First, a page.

On Oct. 20, 1991, a firestorm in the Oakland hills killed 25 people and burned 3,500 homes, including some of the most expensive and beautiful structures in the Bay Area. As the 20-year anniversary of one of the state's worst disasters approaches, California Watch reporter Lance Williams, then with the San Francisco Examiner, describes what it was like inside the fire lines:
By midmorning Sunday, the fire obviously was out of control, and the city desk was sending every reporter it could find to Oakland.
I went to the pricey hillside neighborhoods between the Claremont Country Club and Lake Temescal, where dozens of homes were ablaze.
The firestorm had swept west from the lake into Upper Broadway Terrace, but there were only a couple of fire trucks and perhaps a dozen Oakland firefighters on the scene.
And so much of the firefighting was done by volunteers – residents who had ignored the police evacuation order in hopes of saving their homes, teenage boys who had abandoned pickup basketball games at the Chabot Elementary School when the fire broke out.
The scene was unbelievably chaotic. I remember the choking clouds of smoke, dark as twilight; the bursts of flame, red-orange and intense, as the eucalyptus trees caught fire; the sudden crashing sounds as houses exploded and the plate glass broke; and the ugly hissing sound of gas mains burning inside houses that were already on fire.
Some of the volunteers were bold.
On Buena Vista Place, I met Jeff Henshaw, a carpenter with an ax and a fire hose. As I watched, he climbed into a burning home through a smashed picture window and began chopping a hole in the hardwood floor of the living room. Flames shot through the hole; he blasted them with a jet of water.
“I just think the fire department is overwhelmed,” he told me. “Ever since I got up here, they look at you and it’s like, ‘You want to save a house? Go ahead.’ ”
Quickly, a system evolved. The Oakland firefighters also served as fire captains. They directed the volunteers to haul hoses, wield axes and shovels, and even work the hoses themselves.
Derek Yegian, a teenager, was one of the volunteer hosemen.
“You open up and lean way into the hose and fire at the base of the flame,” he said.
“Fun? Not fun, but exhilarating.
“Everyone wants to be a hero once.”
At about 3 p.m., I walked south, over the ridge to the upper end of Ocean View Drive, an area of some particularly lovely old homes.
I passed what I used to call my “win-the-lottery house” – a gorgeous Spanish-style mansion with sweeping bay views, worth millions. The roof and upstairs were aflame. There wasn’t a firefighter in sight.
Fire was just reaching that area. The high winds were blowing embers, and a few shake roofs were smoldering. Down on Margarido Drive, amongst a cluster of homes untouched by fire, I could see one roof burning.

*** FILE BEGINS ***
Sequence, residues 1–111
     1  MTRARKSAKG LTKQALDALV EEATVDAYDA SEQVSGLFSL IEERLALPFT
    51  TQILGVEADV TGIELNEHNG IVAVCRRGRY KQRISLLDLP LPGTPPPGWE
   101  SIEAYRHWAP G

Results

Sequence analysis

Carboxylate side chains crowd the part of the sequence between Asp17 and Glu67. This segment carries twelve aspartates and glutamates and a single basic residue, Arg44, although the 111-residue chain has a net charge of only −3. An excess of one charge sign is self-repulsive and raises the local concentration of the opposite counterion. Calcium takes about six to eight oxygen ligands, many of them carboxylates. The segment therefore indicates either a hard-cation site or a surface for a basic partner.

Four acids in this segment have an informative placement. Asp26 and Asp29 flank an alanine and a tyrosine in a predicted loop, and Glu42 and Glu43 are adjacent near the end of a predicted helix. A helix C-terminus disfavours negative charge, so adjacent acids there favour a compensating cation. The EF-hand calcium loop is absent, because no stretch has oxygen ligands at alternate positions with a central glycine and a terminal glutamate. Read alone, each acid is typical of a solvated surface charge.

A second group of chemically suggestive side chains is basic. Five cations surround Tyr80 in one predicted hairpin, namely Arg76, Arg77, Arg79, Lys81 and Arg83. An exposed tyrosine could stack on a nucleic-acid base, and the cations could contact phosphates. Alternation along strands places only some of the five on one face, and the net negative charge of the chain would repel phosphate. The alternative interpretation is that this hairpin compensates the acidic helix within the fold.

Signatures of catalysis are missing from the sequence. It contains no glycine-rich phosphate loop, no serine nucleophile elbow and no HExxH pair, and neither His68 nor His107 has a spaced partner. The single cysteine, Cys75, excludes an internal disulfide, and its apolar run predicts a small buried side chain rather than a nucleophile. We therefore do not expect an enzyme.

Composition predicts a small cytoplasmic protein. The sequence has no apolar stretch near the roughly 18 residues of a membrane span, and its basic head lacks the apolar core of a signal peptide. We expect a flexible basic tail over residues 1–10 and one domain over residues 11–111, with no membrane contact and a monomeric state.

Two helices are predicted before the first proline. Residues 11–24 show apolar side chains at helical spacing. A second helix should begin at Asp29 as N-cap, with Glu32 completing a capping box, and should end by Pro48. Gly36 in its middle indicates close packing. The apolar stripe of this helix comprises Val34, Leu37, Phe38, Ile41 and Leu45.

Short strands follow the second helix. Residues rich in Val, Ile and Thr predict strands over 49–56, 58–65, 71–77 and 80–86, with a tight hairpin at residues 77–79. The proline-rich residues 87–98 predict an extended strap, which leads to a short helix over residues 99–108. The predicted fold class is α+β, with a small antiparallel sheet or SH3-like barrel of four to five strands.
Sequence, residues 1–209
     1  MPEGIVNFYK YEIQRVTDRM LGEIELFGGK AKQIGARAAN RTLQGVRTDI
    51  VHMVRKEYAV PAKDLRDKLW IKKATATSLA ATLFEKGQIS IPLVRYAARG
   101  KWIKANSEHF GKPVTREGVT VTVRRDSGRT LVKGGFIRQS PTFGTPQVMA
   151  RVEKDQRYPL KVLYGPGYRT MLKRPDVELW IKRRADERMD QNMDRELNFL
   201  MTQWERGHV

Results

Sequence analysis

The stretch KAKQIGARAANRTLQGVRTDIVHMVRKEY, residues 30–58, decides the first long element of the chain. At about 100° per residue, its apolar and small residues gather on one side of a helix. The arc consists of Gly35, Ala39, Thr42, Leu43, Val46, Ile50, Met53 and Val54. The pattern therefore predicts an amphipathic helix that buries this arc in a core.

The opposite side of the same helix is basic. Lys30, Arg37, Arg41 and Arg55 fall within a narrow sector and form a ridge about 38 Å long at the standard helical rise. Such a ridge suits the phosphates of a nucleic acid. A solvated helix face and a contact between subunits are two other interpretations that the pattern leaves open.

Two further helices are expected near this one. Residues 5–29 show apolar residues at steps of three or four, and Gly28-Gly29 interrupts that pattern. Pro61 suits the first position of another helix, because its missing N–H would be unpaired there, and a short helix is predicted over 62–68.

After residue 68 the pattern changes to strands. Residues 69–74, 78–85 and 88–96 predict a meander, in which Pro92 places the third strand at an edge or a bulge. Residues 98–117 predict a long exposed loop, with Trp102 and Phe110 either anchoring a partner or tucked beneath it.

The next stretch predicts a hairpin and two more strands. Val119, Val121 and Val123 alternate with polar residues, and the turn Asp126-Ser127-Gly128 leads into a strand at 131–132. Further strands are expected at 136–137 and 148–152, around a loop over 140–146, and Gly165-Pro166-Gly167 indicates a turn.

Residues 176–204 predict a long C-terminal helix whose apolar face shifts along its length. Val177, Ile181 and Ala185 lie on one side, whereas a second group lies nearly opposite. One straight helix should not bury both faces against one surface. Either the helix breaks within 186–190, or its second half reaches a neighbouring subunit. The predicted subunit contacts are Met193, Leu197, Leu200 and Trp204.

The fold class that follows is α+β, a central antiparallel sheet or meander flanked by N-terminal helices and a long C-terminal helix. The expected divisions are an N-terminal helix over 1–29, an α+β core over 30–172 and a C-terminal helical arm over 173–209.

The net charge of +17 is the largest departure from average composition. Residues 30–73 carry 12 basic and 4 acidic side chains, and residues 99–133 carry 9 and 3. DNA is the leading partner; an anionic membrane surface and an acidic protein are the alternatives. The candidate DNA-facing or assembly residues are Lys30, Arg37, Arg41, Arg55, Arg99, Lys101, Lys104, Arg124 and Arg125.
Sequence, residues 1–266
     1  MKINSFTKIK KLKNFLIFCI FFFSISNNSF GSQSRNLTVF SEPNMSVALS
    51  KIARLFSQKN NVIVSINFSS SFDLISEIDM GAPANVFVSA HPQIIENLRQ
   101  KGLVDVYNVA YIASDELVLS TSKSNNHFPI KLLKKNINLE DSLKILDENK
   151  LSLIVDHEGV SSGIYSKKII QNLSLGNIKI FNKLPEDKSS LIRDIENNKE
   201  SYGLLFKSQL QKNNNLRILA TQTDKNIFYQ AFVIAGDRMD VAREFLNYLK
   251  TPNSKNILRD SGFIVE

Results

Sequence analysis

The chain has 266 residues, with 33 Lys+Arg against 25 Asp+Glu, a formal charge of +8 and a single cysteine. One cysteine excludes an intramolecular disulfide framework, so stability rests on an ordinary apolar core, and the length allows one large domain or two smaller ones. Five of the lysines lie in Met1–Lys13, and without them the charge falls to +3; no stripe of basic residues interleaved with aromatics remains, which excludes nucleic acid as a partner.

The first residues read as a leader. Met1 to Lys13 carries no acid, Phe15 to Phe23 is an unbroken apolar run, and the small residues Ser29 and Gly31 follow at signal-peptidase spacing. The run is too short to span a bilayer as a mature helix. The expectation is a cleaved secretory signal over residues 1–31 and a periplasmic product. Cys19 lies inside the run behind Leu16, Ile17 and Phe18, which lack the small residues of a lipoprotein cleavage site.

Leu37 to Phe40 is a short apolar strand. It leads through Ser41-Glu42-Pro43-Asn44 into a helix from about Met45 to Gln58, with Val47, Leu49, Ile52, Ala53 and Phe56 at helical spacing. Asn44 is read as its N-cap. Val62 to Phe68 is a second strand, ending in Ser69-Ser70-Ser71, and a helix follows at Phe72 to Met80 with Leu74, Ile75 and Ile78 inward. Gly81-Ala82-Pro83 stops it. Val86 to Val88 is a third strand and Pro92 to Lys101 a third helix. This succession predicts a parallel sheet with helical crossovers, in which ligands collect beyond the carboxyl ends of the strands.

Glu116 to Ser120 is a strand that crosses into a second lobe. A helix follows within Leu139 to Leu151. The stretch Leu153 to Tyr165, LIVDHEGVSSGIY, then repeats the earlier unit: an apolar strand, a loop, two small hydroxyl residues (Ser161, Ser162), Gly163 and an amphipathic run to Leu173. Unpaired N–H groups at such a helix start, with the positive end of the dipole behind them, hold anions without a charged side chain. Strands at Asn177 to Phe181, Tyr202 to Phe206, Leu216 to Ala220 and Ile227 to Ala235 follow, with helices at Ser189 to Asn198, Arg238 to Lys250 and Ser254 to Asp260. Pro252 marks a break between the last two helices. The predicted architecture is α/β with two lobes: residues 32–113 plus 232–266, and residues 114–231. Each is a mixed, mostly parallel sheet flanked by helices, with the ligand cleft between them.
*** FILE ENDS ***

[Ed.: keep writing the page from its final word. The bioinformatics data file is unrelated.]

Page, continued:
I clambered over a back fence and made my way to the house. I grabbed a garden hose and began trying to climb up onto the structure, hoping I could attack the burning roof. An Oakland motorcycle policeman pulled up and began shouting.
“You! You! Get down from there!” he yelled.
As the house continued to burn, he threatened to arrest me for looting.
A fire truck pulled up. Out jumped a fire department photographer, two volunteers and one Oakland firefighter. They went to work on the fire.
Yards away, a big two-story house was starting to burn. I helped some of the young basketball players drag a hose inside – the front door was unlocked. We dragged the hose up the front stairs into a child’s upstairs bedroom. We stuck the hose out the window to get at the roof, but there was no water pressure. Firemen finally arrived.
By then, the houses up and down the street were aflame.
I saw a man in a vintage Studebaker pull out of a driveway and speed away from his burning house.
A woman asked me to help her find her lost pets. We went around the side of her house, into the backyard, and found the whole rear of the structure was on fire.
Nearby, a homeowner was protecting his house with hose and shovel, attacking every spark that flew onto the property. His house was still OK, but the house next door already was ruined.
“It went up like an oil refinery,” the man said.
He let me use his phone. I called the city desk and dictated some information. Then I checked in with my wife. I was shocked to learn that the fire had swept into Berkeley and was coming down Alvarado Road by the Claremont Hotel. Police were evacuating streets around the hotel. I went home after that and filed my story from there.
That night, we watched the hills burn. One beautiful white mansion on the ridge was ringed by burning houses, but seemed invulnerable. For a long time, we thought it might survive. But finally, it, too, was consumed.